The last march. Photographer unknown.
An unfathomable 50 years since Martin Luther King Jr.'s assassination - yes we remember it - workers, protesters, and social justice advocates led by the stalwart likes of Rev. Dr. William Barber and his new Poor People's Campaign continue to fight King's fights in Memphis and across the country with a requisite endurance both disheartening and uplifting. They do so, notes Jesse Jackson, in the name of an often whitewashed radical agenda - “They loved him as a martyr after he was killed but rejected him as a marcher when he was alive” - that continues to render King "a universal frame of reference for moral authority." For a sense of a loss still raw and a resolve still strong, see the sanitation workers of 1968 and the kids they dragged to hear King's final, prescient mountaintop speech tearfully recall for The Root the time when "everything went dark," and they persisted. "We stood the ground, and we kept on marching," says one. "We kept on going."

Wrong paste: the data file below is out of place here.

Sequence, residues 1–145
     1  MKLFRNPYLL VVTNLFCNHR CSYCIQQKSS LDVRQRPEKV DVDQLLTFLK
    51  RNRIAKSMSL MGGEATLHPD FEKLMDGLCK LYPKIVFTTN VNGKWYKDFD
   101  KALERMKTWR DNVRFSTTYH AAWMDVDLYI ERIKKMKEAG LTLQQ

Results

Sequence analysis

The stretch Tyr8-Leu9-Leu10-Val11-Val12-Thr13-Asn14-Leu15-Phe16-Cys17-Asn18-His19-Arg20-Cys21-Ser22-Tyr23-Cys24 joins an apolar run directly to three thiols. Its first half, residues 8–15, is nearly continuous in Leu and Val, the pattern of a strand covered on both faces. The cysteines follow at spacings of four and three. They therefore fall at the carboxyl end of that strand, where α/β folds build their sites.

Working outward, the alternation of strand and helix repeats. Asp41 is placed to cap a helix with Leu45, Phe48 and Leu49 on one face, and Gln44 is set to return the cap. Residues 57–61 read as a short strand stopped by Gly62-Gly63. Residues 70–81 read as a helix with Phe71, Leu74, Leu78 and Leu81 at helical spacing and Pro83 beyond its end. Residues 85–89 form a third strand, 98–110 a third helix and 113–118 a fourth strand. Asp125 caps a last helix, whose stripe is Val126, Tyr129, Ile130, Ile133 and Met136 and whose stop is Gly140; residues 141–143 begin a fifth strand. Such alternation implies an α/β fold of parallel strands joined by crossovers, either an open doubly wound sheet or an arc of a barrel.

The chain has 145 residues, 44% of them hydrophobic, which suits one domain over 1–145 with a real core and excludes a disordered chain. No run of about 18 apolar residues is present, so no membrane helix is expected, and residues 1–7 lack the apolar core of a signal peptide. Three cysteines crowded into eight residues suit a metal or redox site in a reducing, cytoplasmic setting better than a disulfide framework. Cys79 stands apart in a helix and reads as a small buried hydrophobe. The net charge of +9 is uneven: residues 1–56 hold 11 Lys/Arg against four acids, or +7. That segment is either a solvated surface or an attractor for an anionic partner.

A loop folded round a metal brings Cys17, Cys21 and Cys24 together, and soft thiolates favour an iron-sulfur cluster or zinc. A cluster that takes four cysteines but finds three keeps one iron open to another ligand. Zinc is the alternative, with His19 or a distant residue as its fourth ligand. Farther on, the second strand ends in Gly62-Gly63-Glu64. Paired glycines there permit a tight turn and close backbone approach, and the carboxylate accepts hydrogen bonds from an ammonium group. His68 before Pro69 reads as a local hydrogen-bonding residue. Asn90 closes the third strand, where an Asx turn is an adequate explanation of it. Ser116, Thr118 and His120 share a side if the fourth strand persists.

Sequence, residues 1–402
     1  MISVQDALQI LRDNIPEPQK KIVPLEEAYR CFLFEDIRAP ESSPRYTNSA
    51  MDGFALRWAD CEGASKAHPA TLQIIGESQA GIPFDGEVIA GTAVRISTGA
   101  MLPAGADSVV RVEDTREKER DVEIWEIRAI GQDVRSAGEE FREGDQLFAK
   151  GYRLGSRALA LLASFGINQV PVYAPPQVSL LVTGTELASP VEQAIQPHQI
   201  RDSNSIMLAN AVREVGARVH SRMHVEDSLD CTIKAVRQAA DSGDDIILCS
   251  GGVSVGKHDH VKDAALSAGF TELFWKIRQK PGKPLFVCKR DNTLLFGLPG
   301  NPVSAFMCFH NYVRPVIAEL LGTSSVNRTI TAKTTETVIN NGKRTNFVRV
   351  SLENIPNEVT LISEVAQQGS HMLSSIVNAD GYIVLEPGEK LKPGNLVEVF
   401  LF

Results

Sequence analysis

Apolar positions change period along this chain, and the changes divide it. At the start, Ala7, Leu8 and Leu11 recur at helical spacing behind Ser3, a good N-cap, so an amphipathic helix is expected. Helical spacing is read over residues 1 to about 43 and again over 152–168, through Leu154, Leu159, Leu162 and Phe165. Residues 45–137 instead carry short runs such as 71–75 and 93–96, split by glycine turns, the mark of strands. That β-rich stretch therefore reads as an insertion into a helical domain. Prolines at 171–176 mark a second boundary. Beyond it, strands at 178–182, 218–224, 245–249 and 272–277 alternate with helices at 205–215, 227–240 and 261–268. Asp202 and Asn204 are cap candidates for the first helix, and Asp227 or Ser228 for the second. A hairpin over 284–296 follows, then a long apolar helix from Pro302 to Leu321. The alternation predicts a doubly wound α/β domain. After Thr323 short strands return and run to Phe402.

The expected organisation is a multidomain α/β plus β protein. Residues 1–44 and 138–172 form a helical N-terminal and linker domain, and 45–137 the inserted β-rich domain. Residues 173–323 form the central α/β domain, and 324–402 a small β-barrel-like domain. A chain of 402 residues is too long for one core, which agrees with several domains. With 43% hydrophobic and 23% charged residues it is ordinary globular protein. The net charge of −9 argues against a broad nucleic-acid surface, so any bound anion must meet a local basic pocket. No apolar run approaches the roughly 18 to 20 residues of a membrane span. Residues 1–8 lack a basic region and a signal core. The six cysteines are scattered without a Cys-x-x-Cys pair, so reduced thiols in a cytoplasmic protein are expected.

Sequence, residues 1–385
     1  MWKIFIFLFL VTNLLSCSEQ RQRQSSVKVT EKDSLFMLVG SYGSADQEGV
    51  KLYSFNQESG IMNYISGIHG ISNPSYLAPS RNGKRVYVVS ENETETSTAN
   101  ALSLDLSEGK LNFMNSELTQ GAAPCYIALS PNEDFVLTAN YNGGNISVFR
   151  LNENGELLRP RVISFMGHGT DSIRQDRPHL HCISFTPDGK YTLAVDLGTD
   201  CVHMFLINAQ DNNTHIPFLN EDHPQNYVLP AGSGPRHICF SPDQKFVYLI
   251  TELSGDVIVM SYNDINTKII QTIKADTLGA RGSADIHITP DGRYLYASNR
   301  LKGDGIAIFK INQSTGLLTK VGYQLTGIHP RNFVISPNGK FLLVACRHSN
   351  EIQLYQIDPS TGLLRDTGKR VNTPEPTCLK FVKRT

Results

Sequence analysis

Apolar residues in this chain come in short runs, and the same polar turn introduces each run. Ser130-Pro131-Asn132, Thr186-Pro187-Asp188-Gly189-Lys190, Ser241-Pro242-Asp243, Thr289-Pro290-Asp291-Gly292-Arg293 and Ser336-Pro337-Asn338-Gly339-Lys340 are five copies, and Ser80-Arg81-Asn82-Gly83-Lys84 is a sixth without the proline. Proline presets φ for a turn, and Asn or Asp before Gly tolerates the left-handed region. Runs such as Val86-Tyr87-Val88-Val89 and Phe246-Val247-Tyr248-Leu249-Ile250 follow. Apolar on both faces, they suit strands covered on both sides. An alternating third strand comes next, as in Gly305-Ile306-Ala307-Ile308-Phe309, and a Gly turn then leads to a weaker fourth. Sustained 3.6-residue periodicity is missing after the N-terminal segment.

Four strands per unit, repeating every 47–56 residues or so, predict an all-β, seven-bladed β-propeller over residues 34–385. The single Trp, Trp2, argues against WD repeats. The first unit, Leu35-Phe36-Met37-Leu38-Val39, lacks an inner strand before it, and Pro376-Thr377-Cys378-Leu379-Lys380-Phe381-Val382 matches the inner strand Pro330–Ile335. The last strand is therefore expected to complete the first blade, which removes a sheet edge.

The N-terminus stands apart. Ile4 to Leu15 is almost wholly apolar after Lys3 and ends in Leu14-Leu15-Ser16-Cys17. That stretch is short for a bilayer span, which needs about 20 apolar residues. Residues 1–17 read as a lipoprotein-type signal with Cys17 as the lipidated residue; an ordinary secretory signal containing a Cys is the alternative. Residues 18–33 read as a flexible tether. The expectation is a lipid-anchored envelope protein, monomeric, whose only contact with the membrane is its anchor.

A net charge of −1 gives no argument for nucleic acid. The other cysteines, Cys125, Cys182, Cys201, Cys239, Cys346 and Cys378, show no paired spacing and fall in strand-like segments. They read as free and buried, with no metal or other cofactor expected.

Kids in Memphis. Getty Images
Also Memphis. Photo by Brendan Dill